The elimination of partisan primary elections for Hilliard City Council members and mayor is among the recommendations set forth by Hilliard's charter-review commission.

City Council will make the final determination if any of the recommended amendments would be presented to voters next year.

Kurt Gearhiser, chairman of the 11-member commission that was dissolved upon completing its charge, presented the recommendations Sept. 24.

The commission approved the recommendations last month, thus meeting the one-year deadline it had to do so after convening in August 2017.

"Many of the recommendations are designed to make the city run smoother, more effectively and more economically," Gearhiser said Sept. 25.

He said he does not think Issue 33, which will appear on the Nov. 6 ballot, undermines or makes irrelevant the work of the commission for the past 12 months.

Issue 33 is a charter-amendment proposal that would change Hilliard's form of government from a strong mayor to city manager.

The charter reviewers in February opted against recommending a city-manager form of government but proponents of the city-manager model, including councilmen Les Carrier and Andy Teater, promoted successful legislation to place the issue on the November ballot.

If approved, the city-manager form of government would become effective Jan. 1, 2020.

If Issue 33 were approved, Gearhiser said, the charter would require "significant changes" but the recommendations commission members made stand apart.

"We are one of the last cities in central Ohio to have partisan elections," he said, so the recommendation stands that City Council become nonpartisan.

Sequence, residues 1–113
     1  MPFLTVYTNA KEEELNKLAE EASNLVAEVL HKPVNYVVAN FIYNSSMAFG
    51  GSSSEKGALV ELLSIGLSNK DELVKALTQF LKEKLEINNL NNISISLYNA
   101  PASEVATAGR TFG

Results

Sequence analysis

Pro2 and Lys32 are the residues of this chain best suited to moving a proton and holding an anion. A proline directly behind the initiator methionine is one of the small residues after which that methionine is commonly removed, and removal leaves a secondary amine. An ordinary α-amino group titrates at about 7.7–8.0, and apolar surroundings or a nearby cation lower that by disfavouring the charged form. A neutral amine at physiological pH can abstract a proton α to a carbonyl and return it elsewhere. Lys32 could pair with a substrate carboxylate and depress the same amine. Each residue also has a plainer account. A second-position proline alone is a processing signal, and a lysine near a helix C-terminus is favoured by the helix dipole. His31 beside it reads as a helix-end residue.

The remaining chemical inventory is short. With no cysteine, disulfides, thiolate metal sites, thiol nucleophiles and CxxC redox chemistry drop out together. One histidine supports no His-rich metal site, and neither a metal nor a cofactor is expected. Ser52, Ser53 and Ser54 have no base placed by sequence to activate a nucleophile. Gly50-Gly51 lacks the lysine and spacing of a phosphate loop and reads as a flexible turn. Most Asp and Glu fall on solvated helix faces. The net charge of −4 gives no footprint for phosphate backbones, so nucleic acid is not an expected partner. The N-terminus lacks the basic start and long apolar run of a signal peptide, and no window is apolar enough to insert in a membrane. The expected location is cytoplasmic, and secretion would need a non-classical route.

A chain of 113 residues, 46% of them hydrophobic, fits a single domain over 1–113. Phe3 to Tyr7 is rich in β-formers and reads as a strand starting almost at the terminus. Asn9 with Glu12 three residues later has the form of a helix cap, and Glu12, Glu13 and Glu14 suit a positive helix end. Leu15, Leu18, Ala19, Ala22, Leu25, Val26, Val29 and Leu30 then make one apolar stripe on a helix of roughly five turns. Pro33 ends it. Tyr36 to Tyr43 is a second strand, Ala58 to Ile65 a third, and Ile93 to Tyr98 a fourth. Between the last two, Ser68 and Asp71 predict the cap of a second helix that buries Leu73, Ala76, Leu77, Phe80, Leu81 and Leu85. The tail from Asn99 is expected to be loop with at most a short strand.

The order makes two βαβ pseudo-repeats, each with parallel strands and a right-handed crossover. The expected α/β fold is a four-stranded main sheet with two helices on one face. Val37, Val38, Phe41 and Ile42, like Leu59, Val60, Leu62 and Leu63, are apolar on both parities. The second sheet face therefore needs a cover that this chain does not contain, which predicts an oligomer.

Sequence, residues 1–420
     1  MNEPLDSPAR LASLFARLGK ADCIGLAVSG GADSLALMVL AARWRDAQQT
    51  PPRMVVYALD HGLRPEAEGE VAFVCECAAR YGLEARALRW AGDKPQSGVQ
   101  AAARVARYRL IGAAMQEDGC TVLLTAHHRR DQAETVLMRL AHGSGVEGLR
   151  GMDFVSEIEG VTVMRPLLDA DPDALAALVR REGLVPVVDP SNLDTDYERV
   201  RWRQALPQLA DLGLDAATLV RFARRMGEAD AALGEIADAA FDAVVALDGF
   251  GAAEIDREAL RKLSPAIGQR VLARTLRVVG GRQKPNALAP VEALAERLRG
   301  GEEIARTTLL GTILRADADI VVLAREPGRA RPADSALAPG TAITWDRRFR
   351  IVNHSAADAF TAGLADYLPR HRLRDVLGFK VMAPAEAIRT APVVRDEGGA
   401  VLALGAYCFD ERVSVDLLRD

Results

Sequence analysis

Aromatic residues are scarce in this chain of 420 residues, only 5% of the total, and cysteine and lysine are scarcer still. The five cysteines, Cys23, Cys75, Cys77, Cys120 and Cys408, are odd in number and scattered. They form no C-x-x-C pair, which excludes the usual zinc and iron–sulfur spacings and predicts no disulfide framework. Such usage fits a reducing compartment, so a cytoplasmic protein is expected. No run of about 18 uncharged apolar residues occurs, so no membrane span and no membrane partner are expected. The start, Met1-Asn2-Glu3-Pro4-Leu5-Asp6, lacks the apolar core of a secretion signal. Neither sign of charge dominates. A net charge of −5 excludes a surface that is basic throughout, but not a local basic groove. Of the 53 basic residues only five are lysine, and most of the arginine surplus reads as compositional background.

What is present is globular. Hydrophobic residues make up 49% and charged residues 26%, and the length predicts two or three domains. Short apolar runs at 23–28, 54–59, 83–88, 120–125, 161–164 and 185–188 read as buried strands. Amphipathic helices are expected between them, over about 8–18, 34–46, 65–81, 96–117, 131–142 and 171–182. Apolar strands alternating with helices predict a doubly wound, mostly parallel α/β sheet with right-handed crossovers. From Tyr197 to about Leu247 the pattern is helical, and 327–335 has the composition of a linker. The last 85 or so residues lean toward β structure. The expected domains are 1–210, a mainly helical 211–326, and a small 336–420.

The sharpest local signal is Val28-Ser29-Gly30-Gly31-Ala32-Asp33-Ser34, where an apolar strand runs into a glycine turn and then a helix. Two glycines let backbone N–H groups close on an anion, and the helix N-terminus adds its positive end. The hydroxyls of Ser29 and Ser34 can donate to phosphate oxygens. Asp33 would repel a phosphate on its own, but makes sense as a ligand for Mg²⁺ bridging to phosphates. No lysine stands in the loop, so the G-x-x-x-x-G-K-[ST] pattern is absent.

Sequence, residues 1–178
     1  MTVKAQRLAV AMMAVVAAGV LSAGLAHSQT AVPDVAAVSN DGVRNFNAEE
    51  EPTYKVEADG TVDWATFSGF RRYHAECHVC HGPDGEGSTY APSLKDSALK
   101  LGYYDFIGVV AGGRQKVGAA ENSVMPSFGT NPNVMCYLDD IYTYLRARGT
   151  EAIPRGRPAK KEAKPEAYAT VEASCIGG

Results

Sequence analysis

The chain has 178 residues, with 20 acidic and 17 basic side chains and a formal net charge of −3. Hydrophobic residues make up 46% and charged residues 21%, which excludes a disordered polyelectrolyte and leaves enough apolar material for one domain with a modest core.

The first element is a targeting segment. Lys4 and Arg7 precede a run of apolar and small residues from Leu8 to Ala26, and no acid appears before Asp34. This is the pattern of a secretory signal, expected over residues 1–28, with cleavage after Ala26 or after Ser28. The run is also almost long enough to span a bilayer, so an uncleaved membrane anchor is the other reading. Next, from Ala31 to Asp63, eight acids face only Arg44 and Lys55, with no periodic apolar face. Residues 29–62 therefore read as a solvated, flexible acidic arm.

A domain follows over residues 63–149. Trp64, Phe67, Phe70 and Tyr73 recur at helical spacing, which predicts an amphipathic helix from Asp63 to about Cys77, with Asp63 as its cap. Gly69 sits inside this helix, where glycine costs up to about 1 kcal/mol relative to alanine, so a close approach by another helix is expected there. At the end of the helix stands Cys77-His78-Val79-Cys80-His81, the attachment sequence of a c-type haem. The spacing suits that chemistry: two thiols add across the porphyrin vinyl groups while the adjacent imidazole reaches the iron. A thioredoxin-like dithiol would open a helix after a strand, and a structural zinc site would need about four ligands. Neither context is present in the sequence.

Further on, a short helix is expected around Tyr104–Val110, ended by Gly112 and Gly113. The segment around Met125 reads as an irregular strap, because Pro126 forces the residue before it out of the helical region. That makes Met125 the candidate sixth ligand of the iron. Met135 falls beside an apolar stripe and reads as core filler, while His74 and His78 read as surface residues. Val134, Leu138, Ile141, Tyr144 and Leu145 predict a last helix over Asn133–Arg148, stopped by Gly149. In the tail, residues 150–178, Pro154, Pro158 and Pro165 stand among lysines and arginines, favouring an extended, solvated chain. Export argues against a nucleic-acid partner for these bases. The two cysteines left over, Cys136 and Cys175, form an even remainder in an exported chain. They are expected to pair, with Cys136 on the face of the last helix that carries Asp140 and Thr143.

Another recommended amendment provides a remedy for a situation that arose early this year when City Council had six members and 3-3 deadlocks prevented the election of a president.

According to the charter, "the president of council shall hold office until the next organizational meeting and may be re-elected" but a deadlocks prevented the election or re-election of any member calling into question whether the current president could serve.

The amendment would specify a president could continue serving "until a majority of council members elect or re-elect a president" and allows for the continuation of organizational meetings.

Another amendment would reduce the number of required readings of legislation from three to two.

"We found many issues require quicker action (and) reducing the number of readings (to two) also will reduce the need for emergency legislation," Gearhiser said.

City Council will determine a process for reviewing the charter reviewers' recommendations.

Gearhiser said the commission made more than 30 recommended amendments, though he wasn't certain of the total. ThisWeek counted amendments to 26 sections of the charter, including a section to be added. In some instances, more than one amendment appeared in a section.

Council members can accept any, all or none of the recommendations, according to law director Tracy Bradford, but they eventually would need to act on the proposed ordinance to place charter amendments on the ballot next year, either in May, November or in a special election. That ordinance was referred Sept. 24 to the public-safety and legal-affairs committee for consideration.

The committee is not scheduled to meet until Nov. 26, but a meeting could be set in advance of the next scheduled meeting Oct. 22, according to council clerk Lynne Fasone.